Handbook of Political Party Funding
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Handbook of Political Party Funding

Edited by Jonathan Mendilow and Eric Phélippeau

Scrutinizing a relatively new field of study, the Handbook of Political Party Funding assesses the basic assumptions underlying the research, presenting an unequalled variety of case studies from diverse political finance systems.
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Chapter 13: Germany: current issues of an aging party finance regime

Manuela S. Blumenberg, Karl-Heinz Nassmacher and Holger Onken

Abstract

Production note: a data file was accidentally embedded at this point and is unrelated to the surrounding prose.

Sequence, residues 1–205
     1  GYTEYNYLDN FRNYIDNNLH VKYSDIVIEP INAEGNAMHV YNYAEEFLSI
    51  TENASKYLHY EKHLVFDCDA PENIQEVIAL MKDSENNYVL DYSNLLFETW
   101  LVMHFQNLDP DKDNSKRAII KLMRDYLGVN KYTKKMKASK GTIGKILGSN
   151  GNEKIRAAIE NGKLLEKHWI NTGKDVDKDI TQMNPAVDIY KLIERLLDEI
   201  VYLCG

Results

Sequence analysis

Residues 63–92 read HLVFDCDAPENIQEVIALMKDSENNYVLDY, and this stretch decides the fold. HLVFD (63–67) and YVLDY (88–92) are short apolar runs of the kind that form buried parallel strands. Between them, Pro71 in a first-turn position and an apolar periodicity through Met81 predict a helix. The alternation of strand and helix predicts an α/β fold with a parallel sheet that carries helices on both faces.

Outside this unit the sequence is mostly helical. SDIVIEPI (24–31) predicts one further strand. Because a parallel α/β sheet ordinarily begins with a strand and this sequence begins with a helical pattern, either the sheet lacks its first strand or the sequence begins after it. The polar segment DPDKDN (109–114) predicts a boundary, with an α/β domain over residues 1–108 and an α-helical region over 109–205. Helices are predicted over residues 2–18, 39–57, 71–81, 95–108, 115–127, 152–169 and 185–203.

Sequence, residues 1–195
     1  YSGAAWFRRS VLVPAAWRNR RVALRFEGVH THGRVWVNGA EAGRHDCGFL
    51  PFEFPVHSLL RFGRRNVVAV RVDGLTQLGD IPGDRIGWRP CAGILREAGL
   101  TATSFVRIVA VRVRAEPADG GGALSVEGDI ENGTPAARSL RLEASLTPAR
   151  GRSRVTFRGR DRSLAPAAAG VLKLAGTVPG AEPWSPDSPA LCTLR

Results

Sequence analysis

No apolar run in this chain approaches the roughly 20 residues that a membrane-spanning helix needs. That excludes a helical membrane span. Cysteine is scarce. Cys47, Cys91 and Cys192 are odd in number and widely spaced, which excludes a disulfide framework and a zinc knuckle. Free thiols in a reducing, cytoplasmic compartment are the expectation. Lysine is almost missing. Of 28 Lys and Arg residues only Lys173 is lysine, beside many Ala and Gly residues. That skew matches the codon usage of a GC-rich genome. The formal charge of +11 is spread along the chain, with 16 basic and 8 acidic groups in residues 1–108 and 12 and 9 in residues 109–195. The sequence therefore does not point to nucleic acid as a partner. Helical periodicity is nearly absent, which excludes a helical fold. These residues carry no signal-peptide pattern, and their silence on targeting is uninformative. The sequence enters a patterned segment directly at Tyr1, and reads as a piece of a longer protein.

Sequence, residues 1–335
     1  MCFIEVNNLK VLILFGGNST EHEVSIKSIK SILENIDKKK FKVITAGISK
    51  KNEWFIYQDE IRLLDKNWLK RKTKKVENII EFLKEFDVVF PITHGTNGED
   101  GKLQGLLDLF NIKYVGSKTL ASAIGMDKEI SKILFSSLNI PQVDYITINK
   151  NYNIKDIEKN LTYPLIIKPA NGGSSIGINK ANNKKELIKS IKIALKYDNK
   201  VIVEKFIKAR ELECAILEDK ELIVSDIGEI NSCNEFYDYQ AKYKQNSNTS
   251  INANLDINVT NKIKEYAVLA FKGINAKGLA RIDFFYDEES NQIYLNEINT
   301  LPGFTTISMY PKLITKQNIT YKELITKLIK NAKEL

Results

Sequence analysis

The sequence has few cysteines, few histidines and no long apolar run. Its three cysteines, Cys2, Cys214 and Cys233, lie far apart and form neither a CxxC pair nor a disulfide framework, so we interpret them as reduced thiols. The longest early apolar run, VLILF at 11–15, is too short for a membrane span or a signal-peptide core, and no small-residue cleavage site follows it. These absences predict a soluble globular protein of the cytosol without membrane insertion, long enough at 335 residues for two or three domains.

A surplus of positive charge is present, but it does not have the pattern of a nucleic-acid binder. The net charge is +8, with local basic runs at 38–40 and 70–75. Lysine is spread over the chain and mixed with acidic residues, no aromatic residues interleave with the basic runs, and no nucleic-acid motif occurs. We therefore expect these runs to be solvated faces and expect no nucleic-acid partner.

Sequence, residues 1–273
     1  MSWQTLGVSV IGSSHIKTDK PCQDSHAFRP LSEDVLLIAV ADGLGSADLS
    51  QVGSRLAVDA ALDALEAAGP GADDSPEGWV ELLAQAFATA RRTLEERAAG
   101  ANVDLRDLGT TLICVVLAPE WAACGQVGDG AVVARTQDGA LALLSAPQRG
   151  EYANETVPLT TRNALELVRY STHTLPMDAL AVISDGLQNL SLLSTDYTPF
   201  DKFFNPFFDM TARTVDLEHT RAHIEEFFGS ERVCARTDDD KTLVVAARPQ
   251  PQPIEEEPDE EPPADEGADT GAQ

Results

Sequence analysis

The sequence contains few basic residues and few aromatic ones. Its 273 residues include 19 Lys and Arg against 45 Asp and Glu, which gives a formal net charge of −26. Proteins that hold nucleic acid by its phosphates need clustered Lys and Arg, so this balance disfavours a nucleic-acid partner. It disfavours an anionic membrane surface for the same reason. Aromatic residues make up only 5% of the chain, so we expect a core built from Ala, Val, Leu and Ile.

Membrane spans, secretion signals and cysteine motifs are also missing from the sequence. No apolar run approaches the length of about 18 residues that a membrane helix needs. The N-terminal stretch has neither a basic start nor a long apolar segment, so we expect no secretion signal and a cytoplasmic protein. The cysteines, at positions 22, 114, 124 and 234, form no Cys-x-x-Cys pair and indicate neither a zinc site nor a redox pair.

Political finance regulation in Germany dates back to the 1940s. First, a constitutional rule called for transparency of party funds (1949). Second, a law stipulated details for transparency and public subsidies (1967). Third, an improvement of previous rules established the current regime. No significant changes have been instituted since 1994. Twenty years later the most important problem of German party finance is an aging regulation. The chapter shall emphasize three issues that were foreseen when the Political Parties Act was drafted, redrafted and amended: 1) Why are corporate donations just a minor source of party funding? 2) How do local chapters raise funds for their routine and campaign activities? 3) Is the access to public funding really fair to newcomers? Empirically based answers to these questions lead to surprising insights that may or may not result in further improvements to rules which have shown their metal over two decades.

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